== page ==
Famous Reviews eBook

This eBook from the Gutenberg Project consists of approximately 678 pages of information about Famous Reviews.
error of judgment.  The laurel which the King gives, we are credibly informed, has nothing at all in common with that which is bestowed by the Muses; and the Prince Regent’s warrant is absolutely of no authority in the court of Apollo.  If this be the case, however, it follows, that a poet laureate has no sort of precedency among poets,—­ whatever may be his place among pages and clerks of the kitchen;—­and that he has no more pretensions as an author, than if his appointment had been to the mastership of the stag-hounds.  When he takes state upon him with the public, therefore, in consequence of his office, he really is guilty of as ludicrous a blunder as the worthy American Consul, in one of the Hanse towns, who painted the Roman fasces on the pannel of his buggy, and insisted upon calling his foot-boy and clerk his lictors.  Except when he is in his official duty, therefore, the King’s house-poet would do well to keep the nature of his office out of sight; and, when he is compelled to appear in it in public, should try to get through with the business as quickly and quietly as possible.  The brawny drayman who enacts the Champion of England in the Lord Mayor’s show, is in some danger of being sneered at by the spectators, even when he paces along with the timidity and sobriety that becomes his condition; but if he were to take it into his head to make serious boast of his prowess, and to call upon the city bards to celebrate his heroic acts, the very apprentices could not restrain their laughter,—­and “the humorous man” would have but small chance of finishing his part in peace.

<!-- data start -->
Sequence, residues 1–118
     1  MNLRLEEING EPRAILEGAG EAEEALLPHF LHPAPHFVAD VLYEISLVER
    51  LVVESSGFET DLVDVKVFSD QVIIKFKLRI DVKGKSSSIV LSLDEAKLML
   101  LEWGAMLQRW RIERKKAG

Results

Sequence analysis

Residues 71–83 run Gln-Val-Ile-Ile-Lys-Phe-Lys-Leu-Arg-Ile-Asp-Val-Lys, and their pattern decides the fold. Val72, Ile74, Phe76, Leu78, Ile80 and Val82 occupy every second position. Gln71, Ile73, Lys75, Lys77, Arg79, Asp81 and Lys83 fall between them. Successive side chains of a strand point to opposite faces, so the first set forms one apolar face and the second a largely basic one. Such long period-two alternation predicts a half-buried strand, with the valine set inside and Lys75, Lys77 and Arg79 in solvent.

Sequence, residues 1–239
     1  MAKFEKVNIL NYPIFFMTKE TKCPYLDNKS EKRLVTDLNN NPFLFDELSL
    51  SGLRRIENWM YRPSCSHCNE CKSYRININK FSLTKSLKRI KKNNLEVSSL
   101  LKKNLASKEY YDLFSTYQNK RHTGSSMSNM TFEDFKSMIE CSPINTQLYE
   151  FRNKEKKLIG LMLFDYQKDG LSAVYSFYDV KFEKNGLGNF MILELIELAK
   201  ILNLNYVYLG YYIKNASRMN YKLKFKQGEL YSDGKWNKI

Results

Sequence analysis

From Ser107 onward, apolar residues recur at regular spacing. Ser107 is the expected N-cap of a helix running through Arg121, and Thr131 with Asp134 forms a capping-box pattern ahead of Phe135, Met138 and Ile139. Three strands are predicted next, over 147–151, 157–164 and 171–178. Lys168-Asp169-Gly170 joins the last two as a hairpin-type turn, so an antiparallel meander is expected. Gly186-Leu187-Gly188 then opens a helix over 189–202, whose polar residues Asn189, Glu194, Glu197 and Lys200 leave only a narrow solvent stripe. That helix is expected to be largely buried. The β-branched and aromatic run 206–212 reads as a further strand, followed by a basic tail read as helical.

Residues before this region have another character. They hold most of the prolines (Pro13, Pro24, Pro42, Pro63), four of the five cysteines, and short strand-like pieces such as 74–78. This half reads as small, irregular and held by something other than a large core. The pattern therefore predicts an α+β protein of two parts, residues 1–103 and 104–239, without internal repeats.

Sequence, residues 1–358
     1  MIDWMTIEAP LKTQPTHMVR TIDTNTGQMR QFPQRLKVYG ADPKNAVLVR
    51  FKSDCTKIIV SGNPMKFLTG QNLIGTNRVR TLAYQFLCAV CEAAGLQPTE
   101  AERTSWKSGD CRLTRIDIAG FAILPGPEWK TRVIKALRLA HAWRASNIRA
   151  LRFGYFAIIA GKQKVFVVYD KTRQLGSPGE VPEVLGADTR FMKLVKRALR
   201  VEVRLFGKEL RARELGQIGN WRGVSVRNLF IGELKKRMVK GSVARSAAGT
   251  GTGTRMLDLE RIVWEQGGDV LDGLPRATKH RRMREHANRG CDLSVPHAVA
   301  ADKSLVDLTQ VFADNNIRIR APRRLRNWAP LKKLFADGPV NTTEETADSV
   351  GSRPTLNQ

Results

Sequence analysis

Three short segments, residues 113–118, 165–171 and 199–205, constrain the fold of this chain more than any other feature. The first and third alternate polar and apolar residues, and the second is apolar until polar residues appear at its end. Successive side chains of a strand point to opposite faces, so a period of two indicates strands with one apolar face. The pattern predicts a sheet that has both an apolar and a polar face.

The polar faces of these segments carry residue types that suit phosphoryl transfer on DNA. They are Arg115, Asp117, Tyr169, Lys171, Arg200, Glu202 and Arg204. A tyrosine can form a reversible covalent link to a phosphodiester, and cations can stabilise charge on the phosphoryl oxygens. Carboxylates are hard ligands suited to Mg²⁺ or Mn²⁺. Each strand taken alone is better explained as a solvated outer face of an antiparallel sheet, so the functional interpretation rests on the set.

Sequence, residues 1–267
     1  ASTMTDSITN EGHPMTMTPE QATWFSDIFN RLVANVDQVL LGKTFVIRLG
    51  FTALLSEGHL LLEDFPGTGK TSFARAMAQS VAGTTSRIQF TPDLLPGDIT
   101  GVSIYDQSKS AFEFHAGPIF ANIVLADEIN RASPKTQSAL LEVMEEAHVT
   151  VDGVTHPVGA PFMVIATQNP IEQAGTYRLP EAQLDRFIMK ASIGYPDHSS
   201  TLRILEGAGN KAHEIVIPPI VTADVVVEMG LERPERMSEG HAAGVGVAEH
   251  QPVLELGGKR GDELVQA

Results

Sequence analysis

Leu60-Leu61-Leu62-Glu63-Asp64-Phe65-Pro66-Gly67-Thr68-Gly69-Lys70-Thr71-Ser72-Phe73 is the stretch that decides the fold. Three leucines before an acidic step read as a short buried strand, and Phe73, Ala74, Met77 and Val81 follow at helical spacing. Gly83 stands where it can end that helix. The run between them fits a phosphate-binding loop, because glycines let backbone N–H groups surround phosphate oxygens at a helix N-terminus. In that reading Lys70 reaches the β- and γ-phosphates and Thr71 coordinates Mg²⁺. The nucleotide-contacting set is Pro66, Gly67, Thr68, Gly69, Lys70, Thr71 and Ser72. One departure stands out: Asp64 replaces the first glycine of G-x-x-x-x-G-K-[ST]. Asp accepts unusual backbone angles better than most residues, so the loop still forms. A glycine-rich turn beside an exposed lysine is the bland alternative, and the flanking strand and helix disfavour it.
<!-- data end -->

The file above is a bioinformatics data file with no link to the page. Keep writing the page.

Mr. Southey could not be ignorant of all this; and yet it appears that he could not have known it all.  He must have been conscious, we think, of the ridicule attached to his office, and might have known that there were only two ways of counteracting it,—­either by sinking the office altogether in his public appearances, or by writing such very good verses in the discharge of it, as might defy ridicule, and render neglect impossible.  Instead of this, however, he has allowed himself to write rather worse than any Laureate before him, and has betaken himself to the luckless and vulgar expedient of endeavouring to face out the thing by an air of prodigious confidence and assumption:—­and has had the usual fortune of such undertakers, by becoming only more conspicuously ridiculous.  The badness of his official productions indeed is something really wonderful,—­though not more so than the amazing self-complacency and self-praise with which they are given to the world.  With the finest themes in the world for that sort of writing, they are the dullest, tamest, and most tedious things ever poor critic was condemned, or other people vainly invited, to read.  They are a great deal more wearisome, and rather more unmeaning and unnatural, than the effusions of his predecessors, Messrs. Pye and Whitehead; and are moreover disfigured with the most abominable egotism, conceit and dogmatism, than

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